I even wish I could tell you I am exaggerating or leaving stuff out.
But I can't.
I checked through the (64 page) Nordic Ecolabelling (Swan) guidelines for cosmetic products. In the reference list at the back of their guidelines, I was surprised and disappointed to discover 2 references to the Environmental Working Group (EWG).
(In case you're wondering): The EWG posts information about cosmetics ingredients on their online 'database'. Among other fun things, you will find warnings about possible endocrine disruption from a completely fictional preservative that they call 'polyparaben'. They even point to so-called studies to back up their 'information' (?!?!). Even after being made aware of this in early 2011, they chose to leave the imaginary preservative on their 'database'. It's still there.
Swan-worthy reference material?
The Swan label guidelines indicate the Precautionary Principle could serve as the reason for un-approving all parabens. It works kind of like this: if there is the slightest indication that a paraben could be an endocrine disrupter or might possibly be harmful to the environment, then it may be assumed that other parabens could have the same properties and may therefore also be excluded – until proven otherwise.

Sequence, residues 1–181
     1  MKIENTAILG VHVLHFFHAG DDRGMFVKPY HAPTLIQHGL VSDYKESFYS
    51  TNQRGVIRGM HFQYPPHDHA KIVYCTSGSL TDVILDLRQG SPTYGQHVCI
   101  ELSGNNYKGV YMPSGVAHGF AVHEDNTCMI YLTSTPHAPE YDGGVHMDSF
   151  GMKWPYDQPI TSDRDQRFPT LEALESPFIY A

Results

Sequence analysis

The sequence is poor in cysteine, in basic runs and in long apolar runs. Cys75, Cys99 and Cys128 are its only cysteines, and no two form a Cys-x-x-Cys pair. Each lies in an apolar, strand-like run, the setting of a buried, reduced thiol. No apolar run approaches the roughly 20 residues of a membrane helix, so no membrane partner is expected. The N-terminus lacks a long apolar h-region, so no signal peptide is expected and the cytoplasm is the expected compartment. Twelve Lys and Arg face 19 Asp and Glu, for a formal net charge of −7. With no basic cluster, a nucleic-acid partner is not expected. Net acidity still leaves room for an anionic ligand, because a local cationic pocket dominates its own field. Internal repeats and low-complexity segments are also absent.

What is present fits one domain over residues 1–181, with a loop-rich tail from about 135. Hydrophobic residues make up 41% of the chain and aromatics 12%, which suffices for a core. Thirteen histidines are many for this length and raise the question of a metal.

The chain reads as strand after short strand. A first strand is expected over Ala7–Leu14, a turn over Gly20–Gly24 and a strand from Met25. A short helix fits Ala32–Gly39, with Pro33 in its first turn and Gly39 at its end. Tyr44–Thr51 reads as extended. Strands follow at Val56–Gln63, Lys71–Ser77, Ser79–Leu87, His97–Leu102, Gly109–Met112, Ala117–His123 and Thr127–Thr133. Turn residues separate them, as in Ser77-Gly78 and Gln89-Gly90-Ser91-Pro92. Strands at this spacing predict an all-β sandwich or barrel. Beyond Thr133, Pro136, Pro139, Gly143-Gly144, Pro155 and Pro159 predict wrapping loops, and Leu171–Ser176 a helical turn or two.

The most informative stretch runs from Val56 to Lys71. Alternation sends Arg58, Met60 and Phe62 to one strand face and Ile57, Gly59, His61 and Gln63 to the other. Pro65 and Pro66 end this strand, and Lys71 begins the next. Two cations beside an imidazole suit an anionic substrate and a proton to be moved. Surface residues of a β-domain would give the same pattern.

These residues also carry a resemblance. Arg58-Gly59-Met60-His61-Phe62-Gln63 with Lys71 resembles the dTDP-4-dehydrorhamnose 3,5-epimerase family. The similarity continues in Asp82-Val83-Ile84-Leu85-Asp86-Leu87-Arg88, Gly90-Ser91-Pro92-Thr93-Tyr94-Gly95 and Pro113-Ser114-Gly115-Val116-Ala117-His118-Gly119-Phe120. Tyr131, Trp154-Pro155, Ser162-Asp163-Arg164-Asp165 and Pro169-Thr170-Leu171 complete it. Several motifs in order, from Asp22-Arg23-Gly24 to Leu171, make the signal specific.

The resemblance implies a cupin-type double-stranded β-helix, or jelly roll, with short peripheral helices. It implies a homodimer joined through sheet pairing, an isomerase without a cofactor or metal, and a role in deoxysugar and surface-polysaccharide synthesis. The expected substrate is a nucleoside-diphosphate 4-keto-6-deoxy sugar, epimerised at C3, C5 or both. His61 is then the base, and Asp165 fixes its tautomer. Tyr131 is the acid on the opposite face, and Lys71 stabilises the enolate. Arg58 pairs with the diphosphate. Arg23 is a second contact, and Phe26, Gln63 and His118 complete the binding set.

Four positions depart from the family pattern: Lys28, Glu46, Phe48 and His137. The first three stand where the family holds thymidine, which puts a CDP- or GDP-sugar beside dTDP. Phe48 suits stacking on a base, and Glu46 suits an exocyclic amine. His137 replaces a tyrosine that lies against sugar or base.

...the specific parabens that have been targeted as possible endocrine disruptors are undergoing testing and – to my knowledge – are not being used by anyone – nor have they been since around 2009.
Which leaves all the other parabens – the ones that have been retested, OK'ed, and approved.
But they're still parabens.
And consumers might misunderstand.
So they're no longer Swan-worthy.
I called the Swan label folks to ask about why they had unapproved all parabens – and made the mistake of mentioning ethylparaben and methylparaben specifically.
After putting me through to several different offices, I was drilled with questions about where I was calling from and why I wanted to know these things. The first conversation ended with something along the lines of 'You need to speak to Ms. So and So'. She won't be in until tomorrow'.
I tried again – rewording my questions – and after several attempts, was finally given the name of yet another person who I was unable to get in touch with – at all. I tried several times, but every time I called, they were either on vacation, in a meeting, at a conference until next week, on vacation – again, etc.
It could be that I was just continously unlucky and went through a long streak of incredibly bad timing.
But at one point, I decided to let it lie – again. And that's as far as I got.
My take: If a trusted label such as the Nordic Swan chooses to discard tried-and-tested preservatives because of scaremongering, then my trust in them flies out the window and straight into the trash bin.
Sorry guys, you have utterly lost me.
I used to look at a Swan label and think 'there's someone looking out for my safety'.
Now, I can't help wondering what in the world you told Swan label manufacturers with products containing proven preservatives such as ethylparaben and methylparaben. Did you demand they reformulate their products?
Because of a possibility of loosing sales?
Guess what I'm NOT getting anyone for Christmas this year.
More about Parabens on This Blog
Parabens Come From Plants
Are Parabens a Lost Cause?
Dealing With Misinformed People in Higher Authority
Paraben Party Time
Polyparaben - the Most Dangerous of them All
* it is recommended by Danish authorities to avoid propylparaben for children under 3